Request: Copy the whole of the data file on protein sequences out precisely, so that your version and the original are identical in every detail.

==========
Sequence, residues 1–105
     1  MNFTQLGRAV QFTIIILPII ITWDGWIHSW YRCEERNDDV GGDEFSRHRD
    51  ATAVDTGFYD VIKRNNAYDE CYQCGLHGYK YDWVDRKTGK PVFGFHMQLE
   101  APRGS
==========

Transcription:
Sequence, residues 1–105
     1  MNFTQLGRAV QFTIIILPII ITWDGWIHSW YRCEERNDDV GGDEFSRHRD
    51  ATAVDTGFYD VIKRNNAYDE CYQCGLHGYK YDWVDRKTGK PVFGFHMQLE
   101  APRGS